The Health News Australia November 24 2017

  • Victoria will enact the only legal voluntary assisted-dying scheme in the country in a move met with mixed emotion. Labor government-proposed legislation won narrow support in the state’s upper house on Wednesday after 28  hours of continuous debate and the second of two overnight sittings. Advocates for voluntary assisted-dying welcomed the passage of the legislation through the state’s upper house despite the amendments.
  • With the evolution of smartphones, the Australian Communications and Media Authority reported in 2016 that 5.78 million Australians had a mobile phone, but no fixed-line phone. When children were once taught to dial 000 on the landline, the raft of security and user features on mobiles is adding complexity to teaching kids how to respond in an emergency. An app called Emergency + had been developed to help make it easier for kids when responding to an emergency using a smartphone.
  • According to reports, some well-known Australian companies are investigating whether they can encourage female employees to focus more on their careers by paying for their eggs to be frozen. News Corp reports that the companies are already in negotiations with Australia’s first dedicated egg-freezing clinic. The move would follow the lead of major US companies including Apple, which pays up to $20,000 to freeze its workers’ eggs.

News on Health Professional Radio. Today is the 24th of November 2017. Read by Tabetha Moreto.

http://www.skynews.com.au/news/top-stories/2017/11/23/mixed-emotions-as-vic-passes-euthanasia-bill.html

Victoria will enact the only legal voluntary assisted-dying scheme in the country in a move met with mixed emotion. Labor government-proposed legislation won narrow support in the state’s upper house on Wednesday after twenty eight hours of continuous debate and the second of two overnight sittings. Premier Daniel Andrews said after the vote: “Today is all about emotion and it’s all about compassion.”

Voluntary assisted-dying will only be accessible to terminally ill Victorian adults with less than six months to live. The bill wasn’t without its opponents and Labor only attracted the support it needed by conceding a number of amendments, including halving the initial life-expectancy of twelve  months.The legislation returns to the lower house next week where the amendments need ratification in what is considered a formality, allowing the scheme to be operational by June two thousand nineteen. Advocates for voluntary assisted-dying welcomed the passage of the legislation through the state’s upper house despite the amendments.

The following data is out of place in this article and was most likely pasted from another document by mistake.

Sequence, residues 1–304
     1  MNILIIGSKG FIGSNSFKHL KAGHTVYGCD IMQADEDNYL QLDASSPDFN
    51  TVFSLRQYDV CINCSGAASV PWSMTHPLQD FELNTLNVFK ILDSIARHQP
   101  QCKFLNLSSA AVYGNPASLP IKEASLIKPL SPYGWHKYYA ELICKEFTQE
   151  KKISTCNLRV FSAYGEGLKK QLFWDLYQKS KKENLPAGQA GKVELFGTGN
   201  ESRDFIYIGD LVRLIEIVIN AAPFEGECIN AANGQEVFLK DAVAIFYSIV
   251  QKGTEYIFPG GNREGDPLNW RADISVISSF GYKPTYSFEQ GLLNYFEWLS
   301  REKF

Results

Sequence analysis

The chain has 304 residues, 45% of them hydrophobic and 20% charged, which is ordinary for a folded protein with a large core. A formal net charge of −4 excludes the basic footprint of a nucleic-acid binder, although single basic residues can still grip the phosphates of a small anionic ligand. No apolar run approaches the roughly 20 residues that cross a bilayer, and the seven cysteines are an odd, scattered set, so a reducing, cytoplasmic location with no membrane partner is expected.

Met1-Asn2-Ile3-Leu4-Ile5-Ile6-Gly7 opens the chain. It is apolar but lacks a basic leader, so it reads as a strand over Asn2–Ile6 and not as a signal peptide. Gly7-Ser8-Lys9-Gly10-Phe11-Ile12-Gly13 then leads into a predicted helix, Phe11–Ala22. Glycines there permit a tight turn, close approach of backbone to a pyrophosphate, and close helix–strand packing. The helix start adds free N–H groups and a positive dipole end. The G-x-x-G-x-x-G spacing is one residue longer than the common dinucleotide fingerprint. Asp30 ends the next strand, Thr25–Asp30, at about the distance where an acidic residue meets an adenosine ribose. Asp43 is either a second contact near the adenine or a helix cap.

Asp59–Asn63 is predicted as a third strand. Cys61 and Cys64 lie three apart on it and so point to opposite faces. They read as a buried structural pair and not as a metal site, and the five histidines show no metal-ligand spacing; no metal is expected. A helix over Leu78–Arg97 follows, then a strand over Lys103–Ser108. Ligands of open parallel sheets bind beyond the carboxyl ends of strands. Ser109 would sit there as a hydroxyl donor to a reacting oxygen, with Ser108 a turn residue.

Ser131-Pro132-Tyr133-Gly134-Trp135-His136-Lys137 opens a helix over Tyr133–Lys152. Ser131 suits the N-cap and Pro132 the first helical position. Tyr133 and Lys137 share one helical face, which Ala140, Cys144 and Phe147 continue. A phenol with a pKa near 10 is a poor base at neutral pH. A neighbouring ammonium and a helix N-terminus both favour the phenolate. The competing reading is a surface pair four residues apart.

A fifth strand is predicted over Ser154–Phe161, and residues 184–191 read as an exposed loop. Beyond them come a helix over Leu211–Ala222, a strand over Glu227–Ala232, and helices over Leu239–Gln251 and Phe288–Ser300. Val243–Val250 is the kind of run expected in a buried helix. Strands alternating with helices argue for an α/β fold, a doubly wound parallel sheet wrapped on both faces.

….

Victorian branch president of the Australian Medical Association Lorraine Baker said it was a ‘challenging day’. People applying to use the scheme must be determined by multiple doctors to be suffering intolerable pain and be of sound mind. Except in cases where patients are too incapacitated, the scheme stipulates lethal medication is self-administered.

http://www.abc.net.au/news/2017-11-23/paramedics-warning-parents-to-teach-kids-about-emergency-phone/9180948

With the evolution of smartphones, the Australian Communications and Media Authority reported in two thousand sixteen that five point seventy eight million Australians had a mobile phone, but no fixed-line phone. When children were once taught to dial triple-zero on the landline, the raft of security and user features on mobiles is adding complexity to teaching kids how to respond in an emergency. New South Wales Ambulance Inspector Luke Wiseman said:
“Once upon a time we used to just have home phone lines, and they’ve all got caller line identification,”
….
He said an app called Emergency + had been developed to help make it easier for kids when responding to an emergency using a smartphone. He also stated:
“It actually gives your exact location as an address, it gives you your cross-street, and it also gives you a latitude and longitude, so if you are in rural and remote areas, we can actually get a latitude and longitude and then start planning how we make our way to the patient.”
….
Inspector Wiseman said parents should also consider the language they use when explaining emergency procedures to children. “Kids watch a lot of other programs that are American-based, and they get quite confused regarding what is the appropriate number to call.”
The message to teach kids about emergency procedures comes with summer on Australia’s doorstep. Paramedics said responding to children being left in hot cars remained an issue.

https://www.9news.com.au/health/2017/11/23/06/05/australian-companies-want-to-help-by-paying-to-freeze-female-workers-eggs

According to reports, some well-known Australian companies are investigating whether they can encourage female employees to focus more on their careers by paying for their eggs to be frozen. News Corp reports that the companies are already in negotiations with Australia’s first dedicated egg-freezing clinic. The move would follow the lead of major US companies including Apple, which pays up to twenty thousand dollars to freeze its workers’ eggs. The new Sydney clinic, Genea Horizion, is aimed at clients who want to freeze their eggs as an option for the future, the company’s website states.

Egg-freezing may help women “press pause” on their “biological clocks”, the website states. It reads: “It can give you an opportunity to take control of your fertility and it is an option increasingly being considered and taken up by women around the world.” As well as Apple, US tech giants Facebook and Google also pay to freeze their workers’ eggs, in an effort to improve the range of their family-planning options.

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